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Consensual 'sexting' by teens can be criminal | News

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Consensual 'sexting' by teens can be criminal

ATLANTA -- Sexually explicit cell phone images of teens can lead to criminal charges for the sender and receiver, according to former DeKalb County District Attorney J. Tom Morgan.

Morgan appeared on 11Alive News Today on Tuesday to talk about his book, Ignorance Is No Defense: A Teenager's Guide to Georgia Law. Morgan said most parents and teenagers have no idea that "sexting" can have dire consequences, even when it's consensual.

"They think it's a private thing with no ramifications," Morgan told 11Alive's Donna Lowry. "They can be charged with child pornography and end up on the sex offender registry."

Morgan said as many as one in four teens admit to sending or receiving sexually graphic text messages. He said it starts in middle school.

"Parents are so out of touch," he said. "The technology available to our children is beyond our comprehension."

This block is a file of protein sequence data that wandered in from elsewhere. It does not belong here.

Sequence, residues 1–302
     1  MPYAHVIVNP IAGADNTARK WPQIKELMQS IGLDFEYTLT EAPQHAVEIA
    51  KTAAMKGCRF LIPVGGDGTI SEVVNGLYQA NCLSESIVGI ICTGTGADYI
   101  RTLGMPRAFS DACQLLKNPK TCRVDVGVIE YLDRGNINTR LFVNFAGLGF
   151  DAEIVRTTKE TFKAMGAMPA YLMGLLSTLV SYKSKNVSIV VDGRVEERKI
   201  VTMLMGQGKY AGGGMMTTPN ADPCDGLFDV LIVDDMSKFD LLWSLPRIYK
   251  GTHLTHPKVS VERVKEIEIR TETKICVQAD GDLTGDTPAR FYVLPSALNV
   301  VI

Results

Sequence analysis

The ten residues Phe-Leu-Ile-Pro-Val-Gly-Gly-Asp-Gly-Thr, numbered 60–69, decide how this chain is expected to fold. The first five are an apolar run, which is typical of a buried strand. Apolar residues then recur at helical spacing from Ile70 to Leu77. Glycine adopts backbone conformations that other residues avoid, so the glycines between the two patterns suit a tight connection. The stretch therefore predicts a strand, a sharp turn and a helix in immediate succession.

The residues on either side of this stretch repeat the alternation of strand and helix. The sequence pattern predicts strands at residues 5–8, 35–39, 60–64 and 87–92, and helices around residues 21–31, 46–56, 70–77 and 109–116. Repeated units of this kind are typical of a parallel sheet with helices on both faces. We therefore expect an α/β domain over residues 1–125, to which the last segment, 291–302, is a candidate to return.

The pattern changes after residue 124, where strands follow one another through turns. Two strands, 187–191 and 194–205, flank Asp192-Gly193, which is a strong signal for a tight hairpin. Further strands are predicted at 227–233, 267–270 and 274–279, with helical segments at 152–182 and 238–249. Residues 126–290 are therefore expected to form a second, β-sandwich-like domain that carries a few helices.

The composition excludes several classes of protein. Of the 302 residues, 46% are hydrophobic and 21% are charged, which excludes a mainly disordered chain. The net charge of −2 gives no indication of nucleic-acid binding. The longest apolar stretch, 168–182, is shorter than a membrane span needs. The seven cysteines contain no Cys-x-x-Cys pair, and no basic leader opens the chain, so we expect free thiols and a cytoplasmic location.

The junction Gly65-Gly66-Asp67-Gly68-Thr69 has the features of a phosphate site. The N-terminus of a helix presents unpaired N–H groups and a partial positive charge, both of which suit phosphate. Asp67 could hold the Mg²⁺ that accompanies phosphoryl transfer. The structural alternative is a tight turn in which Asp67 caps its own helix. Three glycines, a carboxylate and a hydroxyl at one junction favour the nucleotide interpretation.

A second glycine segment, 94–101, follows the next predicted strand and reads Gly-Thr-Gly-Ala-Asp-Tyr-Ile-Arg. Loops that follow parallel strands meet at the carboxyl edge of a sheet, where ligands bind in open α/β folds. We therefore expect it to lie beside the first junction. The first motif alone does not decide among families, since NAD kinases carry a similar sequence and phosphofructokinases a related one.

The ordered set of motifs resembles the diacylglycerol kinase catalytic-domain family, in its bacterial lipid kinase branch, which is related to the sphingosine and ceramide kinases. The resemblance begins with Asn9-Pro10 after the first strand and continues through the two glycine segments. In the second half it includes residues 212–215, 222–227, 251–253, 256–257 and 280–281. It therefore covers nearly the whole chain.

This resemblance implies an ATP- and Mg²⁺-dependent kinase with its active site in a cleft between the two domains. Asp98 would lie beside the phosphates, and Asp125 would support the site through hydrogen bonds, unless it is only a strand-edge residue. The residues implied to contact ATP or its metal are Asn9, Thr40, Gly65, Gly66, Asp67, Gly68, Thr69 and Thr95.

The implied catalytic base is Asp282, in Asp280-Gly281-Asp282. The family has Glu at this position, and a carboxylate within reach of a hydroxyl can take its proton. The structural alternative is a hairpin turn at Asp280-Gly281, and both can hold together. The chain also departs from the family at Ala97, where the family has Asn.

Morgan said parents should not wait to talk with their children, and they should repeat the message like a broken record.

"Kids don't realize that if they end up on the sex offender registry, they can't go to college," Morgan said. "They can't live within 100 feet of a church, and most college campuses have churches."

Morgan said child pornography laws can apply to sexually explicit images if any party involved is under 18. And that can lead to steep legal ramifications, including felony charges that carry sentences of up to 20 years in prison.

Here's another surprising fact. Morgan said it doesn't matter if a child is the original sender of the material, a recipient, or "only" forwarding something that was sent to him or her.

"Any and all involvement with a sexting scandal can have serious legal repercussions," Morgan points out. "If your child is a recipient, tell your child to delete the material immediately and never to forward it."